Typhoon Hagibis: Relief and rescue operations begin after deadly storm

Eleven people were reportedly killed in Japan following the biggest storm in decades.

Typhoon Hagibis triggered floods, landslides and winds battered the country with speeds greater than 225 kmph. Rivers have breached their banks in at least 14 different places, inundating residential neighbourhoods.

The Rugby World Cup matches being cancelled but a key fixture between Japan and Scotland will go ahead on Sunday. The Japanese Formula One Grand Prix is also taking place on Sunday.

Hagibis is heading north and is expected to move back into the North Pacific later on Sunday.

The typhoon made landfall on Saturday in Izu Peninsula, south-west of Tokyo and moved up the east coast. Almost half a million homes were left without power.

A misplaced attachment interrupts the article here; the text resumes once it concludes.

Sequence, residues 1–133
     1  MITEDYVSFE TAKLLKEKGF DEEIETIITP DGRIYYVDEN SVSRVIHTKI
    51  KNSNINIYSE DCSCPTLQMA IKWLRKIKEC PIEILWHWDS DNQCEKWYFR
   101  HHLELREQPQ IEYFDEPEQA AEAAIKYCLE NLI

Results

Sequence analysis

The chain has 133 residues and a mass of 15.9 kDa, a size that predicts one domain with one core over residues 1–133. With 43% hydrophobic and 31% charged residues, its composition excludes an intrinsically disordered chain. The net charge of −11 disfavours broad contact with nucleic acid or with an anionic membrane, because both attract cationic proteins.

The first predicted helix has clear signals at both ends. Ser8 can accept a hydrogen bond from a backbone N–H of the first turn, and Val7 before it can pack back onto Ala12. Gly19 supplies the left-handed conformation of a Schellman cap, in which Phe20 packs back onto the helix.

In the town of Hakone near Mount Fuji rain more than 1m fell on Friday and Saturday, the highest total ever recorded in Japan over 48 hours.

Further in the Nagano prefecture the Chikuma river gave way sending water rushing through residential areas, inundating houses. Flood defences around Tokyo have held and river levels were slowly falling.

Another 15 people have been listed as missing and dozens are reported injured.

About 7 million people were urged to leave their homes as the huge storm approached. Many residents stocked up on provisions before the typhoon’s arrival, leaving supermarkets with empty shelves.

All flights to and from Tokyo’s Haneda airport and Narita airport in Chiba have been cancelled. Bullet train services were halted and several lines on the Tokyo metro were suspended.

Typhoon Hagibis Chaos
Typhoon Hagibis Chaos
Typhoon Hagibis Chaos
Typhoon Hagibis Chaos
Typhoon Hagibis Chaos
Typhoon Hagibis chaos
Typhoon Hagibis Chaos

Source : Various

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